Some years back, I was attending a certification course, and the coach that was teaching it had everyone walk outside and told us all to sprint. 

We were in a parking lot, and I’m always conscious of running on hard surfaces (its hell on the joints), so I accelerated into the sprint slowly, and then sprinted back. 

The coach looked at everyone, and then made two groups. 

There must have been about 40 people, and about 20 people got put into group one, and then the remaining 20 in group 2. 


He paused, and I don’t know it was for dramatic effect, for questions, or if forget what he about to say, but in that pause someone asked, 


And his response was completely deadpan, 


This coach was not a nasty guy at all, and he fit the mold of the super motivational football coach, so to hear him say this was hysterical to the rest of us. The other half of us burst out laughing, while the first group looked utterly sad. 

He then launched into a speech about crawling before you can walk, and walking before you can run, and he got them cheered up. 

Regardless though, his point remained. When he started demonstrating running mechanics, the entire group 1 could NOT run. At least not correctly. They flailed their arms, crash landed every step, dragged their feet, and as he pointed out various details of their mechanics, they realized that running, something they had largely just assumed that people could automatically do and do well, they couldn’t do it correctly at all. 

That brings me to my point. In yesterday’s email, I talked about hill sprints, but I neglected an imperative point

CAN you actually sprint? 

So let us cover that

An Overview of Running Mechanics

Running and Sprinting are skills, understand that first. Like any skill, it can be trained and improved. 

To begin with, the first principle is EFFICIENCY. 

Running and sprinting should be efficient. If you are trying to improve how you run/sprint, the point is the maximization of your movement economy. Keep this first principe in mind. All forms and certifications that assess gait and improve running gait are based around the Efficiency principle.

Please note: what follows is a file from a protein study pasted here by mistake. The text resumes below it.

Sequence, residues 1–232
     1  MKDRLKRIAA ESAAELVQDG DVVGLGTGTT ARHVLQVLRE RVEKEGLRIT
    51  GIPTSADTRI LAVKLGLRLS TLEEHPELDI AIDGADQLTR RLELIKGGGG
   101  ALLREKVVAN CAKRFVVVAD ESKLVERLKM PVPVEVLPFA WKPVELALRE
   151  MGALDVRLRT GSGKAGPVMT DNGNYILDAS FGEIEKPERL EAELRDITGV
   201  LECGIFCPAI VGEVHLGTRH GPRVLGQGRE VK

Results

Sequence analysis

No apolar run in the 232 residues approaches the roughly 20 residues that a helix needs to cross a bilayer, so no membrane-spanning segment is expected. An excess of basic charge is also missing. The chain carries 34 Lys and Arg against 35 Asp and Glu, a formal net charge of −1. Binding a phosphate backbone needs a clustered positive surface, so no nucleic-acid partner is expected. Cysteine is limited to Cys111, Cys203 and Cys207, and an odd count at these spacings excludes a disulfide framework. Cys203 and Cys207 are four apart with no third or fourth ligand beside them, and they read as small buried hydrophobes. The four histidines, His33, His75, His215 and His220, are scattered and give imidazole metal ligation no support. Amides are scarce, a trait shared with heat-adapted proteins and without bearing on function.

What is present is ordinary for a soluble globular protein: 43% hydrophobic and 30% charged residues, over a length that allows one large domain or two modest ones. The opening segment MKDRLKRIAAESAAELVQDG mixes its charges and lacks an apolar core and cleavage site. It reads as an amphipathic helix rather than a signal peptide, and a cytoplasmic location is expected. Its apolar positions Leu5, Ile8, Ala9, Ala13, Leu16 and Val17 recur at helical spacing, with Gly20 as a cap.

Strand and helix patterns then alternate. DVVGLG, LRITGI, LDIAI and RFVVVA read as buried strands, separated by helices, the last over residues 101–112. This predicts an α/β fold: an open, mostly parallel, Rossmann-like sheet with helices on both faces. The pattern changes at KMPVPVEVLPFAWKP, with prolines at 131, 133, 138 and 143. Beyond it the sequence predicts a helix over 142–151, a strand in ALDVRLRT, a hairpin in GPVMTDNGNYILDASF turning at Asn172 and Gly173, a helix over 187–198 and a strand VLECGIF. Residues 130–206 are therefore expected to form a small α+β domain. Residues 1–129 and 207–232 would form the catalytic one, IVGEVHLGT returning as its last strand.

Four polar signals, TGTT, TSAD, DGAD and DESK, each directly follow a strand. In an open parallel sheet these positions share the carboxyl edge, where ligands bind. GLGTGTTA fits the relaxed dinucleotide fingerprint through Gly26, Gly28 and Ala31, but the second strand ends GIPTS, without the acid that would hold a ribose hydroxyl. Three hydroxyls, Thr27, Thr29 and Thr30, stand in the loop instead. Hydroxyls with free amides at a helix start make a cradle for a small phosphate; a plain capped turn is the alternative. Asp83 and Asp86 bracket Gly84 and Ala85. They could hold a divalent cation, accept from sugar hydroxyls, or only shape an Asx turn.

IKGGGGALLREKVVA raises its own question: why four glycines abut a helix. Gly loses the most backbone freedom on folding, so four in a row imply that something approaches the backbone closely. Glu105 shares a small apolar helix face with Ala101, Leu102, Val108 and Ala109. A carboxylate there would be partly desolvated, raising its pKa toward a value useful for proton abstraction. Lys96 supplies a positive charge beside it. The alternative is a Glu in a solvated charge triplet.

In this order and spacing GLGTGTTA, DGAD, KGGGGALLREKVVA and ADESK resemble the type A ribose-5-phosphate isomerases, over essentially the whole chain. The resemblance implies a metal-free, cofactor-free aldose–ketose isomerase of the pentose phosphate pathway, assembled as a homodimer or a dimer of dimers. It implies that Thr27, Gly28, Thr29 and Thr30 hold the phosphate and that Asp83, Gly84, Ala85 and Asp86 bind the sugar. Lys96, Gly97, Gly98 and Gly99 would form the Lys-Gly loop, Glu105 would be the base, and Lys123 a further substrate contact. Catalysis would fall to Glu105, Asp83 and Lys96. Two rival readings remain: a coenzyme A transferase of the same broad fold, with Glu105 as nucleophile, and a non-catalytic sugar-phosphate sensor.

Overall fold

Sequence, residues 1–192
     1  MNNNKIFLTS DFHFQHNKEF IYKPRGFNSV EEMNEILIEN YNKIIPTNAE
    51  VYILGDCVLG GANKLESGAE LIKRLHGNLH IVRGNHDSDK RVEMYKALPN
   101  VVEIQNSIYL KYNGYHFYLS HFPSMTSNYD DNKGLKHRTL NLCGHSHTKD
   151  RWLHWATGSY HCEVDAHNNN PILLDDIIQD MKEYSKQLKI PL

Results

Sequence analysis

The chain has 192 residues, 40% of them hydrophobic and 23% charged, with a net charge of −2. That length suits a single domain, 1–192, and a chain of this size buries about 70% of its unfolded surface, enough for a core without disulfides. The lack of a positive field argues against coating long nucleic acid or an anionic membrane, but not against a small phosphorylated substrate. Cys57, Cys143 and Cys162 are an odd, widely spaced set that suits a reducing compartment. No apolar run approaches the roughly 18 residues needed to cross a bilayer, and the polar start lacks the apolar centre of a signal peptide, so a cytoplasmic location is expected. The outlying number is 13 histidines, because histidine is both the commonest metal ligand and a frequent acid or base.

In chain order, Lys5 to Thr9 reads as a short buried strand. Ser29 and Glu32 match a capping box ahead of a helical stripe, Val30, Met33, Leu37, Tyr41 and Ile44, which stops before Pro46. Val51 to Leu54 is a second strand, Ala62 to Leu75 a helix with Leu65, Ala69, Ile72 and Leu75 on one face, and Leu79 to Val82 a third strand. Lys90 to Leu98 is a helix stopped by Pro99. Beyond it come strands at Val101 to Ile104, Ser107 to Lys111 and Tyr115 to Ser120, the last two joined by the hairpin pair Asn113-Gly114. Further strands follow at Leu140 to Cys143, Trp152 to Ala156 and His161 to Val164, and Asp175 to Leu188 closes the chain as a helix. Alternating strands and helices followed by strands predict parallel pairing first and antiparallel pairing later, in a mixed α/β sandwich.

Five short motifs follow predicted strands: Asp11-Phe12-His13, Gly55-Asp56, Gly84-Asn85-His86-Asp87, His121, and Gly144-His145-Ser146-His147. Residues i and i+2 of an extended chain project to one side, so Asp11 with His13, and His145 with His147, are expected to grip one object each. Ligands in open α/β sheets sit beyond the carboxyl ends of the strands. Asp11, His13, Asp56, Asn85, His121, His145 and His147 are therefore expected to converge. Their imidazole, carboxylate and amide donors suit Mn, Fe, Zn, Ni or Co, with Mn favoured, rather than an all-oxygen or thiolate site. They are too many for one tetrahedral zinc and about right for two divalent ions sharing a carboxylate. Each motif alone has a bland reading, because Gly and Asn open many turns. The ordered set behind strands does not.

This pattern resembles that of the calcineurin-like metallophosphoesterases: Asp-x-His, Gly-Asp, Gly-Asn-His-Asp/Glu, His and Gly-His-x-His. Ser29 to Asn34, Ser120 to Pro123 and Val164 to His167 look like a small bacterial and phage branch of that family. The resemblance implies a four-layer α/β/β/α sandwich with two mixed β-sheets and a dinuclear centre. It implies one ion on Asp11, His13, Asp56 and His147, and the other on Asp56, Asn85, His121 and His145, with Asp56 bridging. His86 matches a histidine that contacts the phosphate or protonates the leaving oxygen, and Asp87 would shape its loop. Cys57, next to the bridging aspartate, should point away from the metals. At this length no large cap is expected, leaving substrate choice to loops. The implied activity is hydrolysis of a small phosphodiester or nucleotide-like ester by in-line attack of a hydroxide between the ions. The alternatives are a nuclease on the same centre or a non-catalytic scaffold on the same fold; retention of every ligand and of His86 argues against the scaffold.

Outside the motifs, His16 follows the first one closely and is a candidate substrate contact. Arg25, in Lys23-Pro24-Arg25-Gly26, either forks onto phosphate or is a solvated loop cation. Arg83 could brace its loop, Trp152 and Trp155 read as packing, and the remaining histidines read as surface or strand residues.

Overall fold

Tips for Efficient Running

Starting from the bottom up

-Your foot should strike with the forefoot. You do not heel strike when sprinting. You are basically “pulling” at the ground and then driving off it. 

-your feet should be underneath you when you sprint. You are not “reaching” with the foot. Faster steps=faster run. Do NOT worry about stride length. Its very common for people to overstride thinking they’ll be quicker, when in reality this is less efficient. 

 -Your feet should run a in relatively straight LINE. AN easy way to do this is run along a crack on a sidewalk, or a the line of track, or any kind of marker that keeps you putting one foot precisely inline with the other. This inline running will immediately show you if you are dragging or swing your feet out

-after striking the ground, do NOT kick the heel back behind you. Most people inadvertently do “butt kicks” where they kick their heels back and up. You can see children do this where their legs flail behind them. You exchange feet as fast as you can FORWARD. 

-you want to drive your steps through your knees and hips. If you’ve ever done “high knees” its a similar motion. 

-your hips should not be swaying side to side. Neither should you be overly twisting in your torso. Nor should your shoulder be shaking. If this is happening you need to work on sprint mechanics from a non-moving position 

-your arms determine your speed. Drive the elbows like pistons, with the fingers together. Imagine your hands are like knives, and you are going cut through the air. Your arms should be relatively perpendicular, going from to shoulder height to waist height and back to shoulder height

-Do not run “upright”. True sprinting you actually lean forward and feel like you are almost falling. This does not mean hunch over, but rather don’t try to stand up board straight and expect to go fast. Lean forward with your chest up, and go 

-don’t clench your jaw, bob your head, or hold your breath. Keep your eyes on the finish line, and keep your face relaxed. 

For a good pop culture example, Daniel Craig (of James Bond fame) is in fact a very proficient runner. If you watch this video of him (speed up to about 1 minute in) he demonstrates excellent sprinting technique. 

And lastly, do not try to sprint at full speed from a deadstop. Use a flying start, meaning you go from jog to run to sprint.  As your sprinting ability to improves, you can practice starting from a deadstop. But in the beginning, flying starts are safer

Questions, let me know, 

Talk again soon,